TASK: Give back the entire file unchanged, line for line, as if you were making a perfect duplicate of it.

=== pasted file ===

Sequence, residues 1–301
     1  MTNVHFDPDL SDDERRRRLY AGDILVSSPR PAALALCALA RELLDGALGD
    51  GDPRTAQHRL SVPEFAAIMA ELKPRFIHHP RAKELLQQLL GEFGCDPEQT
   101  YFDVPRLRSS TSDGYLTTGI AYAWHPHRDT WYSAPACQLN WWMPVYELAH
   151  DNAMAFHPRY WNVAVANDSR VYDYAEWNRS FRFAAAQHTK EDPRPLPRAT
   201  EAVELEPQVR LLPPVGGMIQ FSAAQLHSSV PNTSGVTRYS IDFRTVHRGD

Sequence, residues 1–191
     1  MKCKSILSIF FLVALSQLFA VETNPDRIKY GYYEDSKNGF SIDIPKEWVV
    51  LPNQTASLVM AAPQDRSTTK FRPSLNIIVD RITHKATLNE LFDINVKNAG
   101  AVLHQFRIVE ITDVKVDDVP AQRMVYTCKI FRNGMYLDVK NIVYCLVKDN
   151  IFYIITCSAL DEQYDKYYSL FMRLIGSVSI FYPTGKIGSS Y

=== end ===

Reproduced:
Sequence, residues 1–301
     1  MTNVHFDPDL SDDERRRRLY AGDILVSSPR PAALALCALA RELLDGALGD
    51  GDPRTAQHRL SVPEFAAIMA ELKPRFIHHP RAKELLQQLL GEFGCDPEQT
   101  YFDVPRLRSS TSDGYLTTGI AYAWHPHRDT WYSAPACQLN WWMPVYELAH
   151  DNAMAFHPRY WNVAVANDSR VYDYAEWNRS FRFAAAQHTK EDPRPLPRAT
   201  EAVELEPQVR LLPPVGGMIQ FSAAQLHSSV PNTSGVTRYS IDFRTVHRGD

Sequence, residues 1–191
     1  MKCKSILSIF FLVALSQLFA VETNPDRIKY GYYEDSKNGF SIDIPKEWVV
    51  LPNQTASLVM AAPQDRSTTK FRPSLNIIVD RITHKATLNE LFDINVKNAG
   101  AVLHQFRIVE ITDVKVDDVP AQRMVYTCKI FRNGMYLDVK NIVYCLVKDN
   151  IFYIITCSAL DEQYDKYYSL FMRLIGSVSI FYPTGKIGSS Y